okay how do you go about proving that it was the design ,etc that caused it and not the tuner that caused it to fail,
as far as the fuel I have always used a addative when ever I fill up
I talked to the service manger at the dealer and he was telling me it made no difference because of the tuner that would shoot it down I only have 78000 miles on my truck 2004
1) Ever noticed that injector failures happen to trucks that run tuners AND to trucks that have remained stock?
2) Injector failures have happened to trucks that run additives AND to trucks that run #2 straight.
3a) Injector failures happen to trucks with secondary filtration AND to trucks that only run the OEM filter.
3b) Failures happen to guys who change their filters religiously and those that have 30,000 miles on the same filter.
4) Ever noticed that LLYs and LBZs DO NOT have widespread injector issues like LB7s? The injector design was changed in the LLY, and the LBZ uses injectors very close in design to the LLY.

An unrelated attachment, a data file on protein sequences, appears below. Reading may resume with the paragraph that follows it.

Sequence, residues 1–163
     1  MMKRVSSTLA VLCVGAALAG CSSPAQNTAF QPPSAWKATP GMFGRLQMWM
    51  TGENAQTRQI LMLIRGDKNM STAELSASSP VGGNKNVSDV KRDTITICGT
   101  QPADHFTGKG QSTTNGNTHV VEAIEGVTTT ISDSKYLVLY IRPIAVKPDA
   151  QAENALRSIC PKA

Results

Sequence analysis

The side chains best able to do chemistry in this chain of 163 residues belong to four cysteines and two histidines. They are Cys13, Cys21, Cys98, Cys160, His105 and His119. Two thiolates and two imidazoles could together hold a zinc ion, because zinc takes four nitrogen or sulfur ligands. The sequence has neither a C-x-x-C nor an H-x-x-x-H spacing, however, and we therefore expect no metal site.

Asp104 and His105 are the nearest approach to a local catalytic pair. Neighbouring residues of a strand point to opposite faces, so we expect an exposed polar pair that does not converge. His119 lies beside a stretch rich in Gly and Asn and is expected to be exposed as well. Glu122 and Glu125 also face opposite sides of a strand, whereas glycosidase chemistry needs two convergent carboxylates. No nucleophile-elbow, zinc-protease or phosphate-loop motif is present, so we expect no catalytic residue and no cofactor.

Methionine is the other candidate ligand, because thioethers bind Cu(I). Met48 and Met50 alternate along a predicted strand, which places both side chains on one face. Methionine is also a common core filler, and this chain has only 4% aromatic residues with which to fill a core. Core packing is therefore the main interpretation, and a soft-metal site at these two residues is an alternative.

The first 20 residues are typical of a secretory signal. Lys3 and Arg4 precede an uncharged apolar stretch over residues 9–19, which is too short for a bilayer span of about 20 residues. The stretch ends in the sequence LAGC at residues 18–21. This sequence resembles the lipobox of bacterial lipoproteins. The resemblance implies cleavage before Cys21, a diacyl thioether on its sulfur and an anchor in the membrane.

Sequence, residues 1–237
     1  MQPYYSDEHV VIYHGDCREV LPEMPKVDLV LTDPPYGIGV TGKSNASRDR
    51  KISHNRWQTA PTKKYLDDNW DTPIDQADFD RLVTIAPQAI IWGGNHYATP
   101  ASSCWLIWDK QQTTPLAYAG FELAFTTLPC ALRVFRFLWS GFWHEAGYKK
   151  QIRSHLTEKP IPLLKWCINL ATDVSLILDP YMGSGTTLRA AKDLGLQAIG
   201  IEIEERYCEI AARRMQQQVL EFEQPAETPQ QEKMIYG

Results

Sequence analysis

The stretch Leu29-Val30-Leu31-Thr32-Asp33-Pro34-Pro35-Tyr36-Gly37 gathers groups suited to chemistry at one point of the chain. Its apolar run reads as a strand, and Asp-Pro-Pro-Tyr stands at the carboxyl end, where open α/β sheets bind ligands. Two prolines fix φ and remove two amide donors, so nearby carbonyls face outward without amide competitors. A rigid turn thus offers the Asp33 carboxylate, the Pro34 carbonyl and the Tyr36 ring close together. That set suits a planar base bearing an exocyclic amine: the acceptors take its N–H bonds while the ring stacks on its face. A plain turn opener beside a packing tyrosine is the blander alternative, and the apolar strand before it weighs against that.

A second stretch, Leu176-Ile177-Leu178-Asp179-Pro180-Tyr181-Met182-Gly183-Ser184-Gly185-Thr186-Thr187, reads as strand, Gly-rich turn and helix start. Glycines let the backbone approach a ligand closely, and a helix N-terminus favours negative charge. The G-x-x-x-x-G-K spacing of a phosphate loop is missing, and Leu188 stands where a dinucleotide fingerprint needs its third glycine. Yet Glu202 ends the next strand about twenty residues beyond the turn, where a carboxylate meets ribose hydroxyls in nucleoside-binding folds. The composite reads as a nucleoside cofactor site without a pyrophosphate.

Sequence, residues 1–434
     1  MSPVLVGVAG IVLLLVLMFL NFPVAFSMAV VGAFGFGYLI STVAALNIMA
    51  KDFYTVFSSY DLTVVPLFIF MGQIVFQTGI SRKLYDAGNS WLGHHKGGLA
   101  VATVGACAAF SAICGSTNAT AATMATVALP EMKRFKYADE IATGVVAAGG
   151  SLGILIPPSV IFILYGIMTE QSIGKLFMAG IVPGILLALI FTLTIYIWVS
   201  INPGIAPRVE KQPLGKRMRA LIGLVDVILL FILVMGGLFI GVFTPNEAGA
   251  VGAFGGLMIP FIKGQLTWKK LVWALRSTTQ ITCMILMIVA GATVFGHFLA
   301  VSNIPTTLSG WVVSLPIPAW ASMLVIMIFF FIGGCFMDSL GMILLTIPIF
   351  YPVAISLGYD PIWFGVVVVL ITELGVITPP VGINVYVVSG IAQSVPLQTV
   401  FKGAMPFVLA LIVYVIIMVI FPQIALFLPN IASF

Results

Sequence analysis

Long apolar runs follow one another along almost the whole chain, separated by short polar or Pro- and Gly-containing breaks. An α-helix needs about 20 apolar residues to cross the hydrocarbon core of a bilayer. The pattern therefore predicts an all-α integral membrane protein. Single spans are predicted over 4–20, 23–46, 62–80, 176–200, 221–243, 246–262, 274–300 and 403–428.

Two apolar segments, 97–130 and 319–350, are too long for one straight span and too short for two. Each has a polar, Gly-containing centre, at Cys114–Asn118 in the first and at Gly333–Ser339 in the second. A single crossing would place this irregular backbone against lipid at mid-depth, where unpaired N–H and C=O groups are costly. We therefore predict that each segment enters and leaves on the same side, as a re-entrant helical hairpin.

5) Ever noticed that injector failures seem to rise when the weather gets colder?
6) Ever noticed that injector failure rates rise just about the time a person posts that they're having issues with their batteries or some other electrical issue?
Place member "Oddplanes" has come up with some very interesting theories concerning the voltage that the injectors run on and how "clean" the power is. LB7s use 96volts, LLY 48volts, LBZ 24volts. The rate of failure drops off significantly as the firing voltage lowers in the later designs.
In the end, the only variables that consistantly point at the LB7 injector are the injector's design, its electronics and its supply voltage. If it were anything else, all the Dmax engine variants would have failures, let alone all the VW TDIs, Powerstrokes, and Cummins motors....
I could go on and on...but why? You're convinced that tuners are the only cause for injector failures.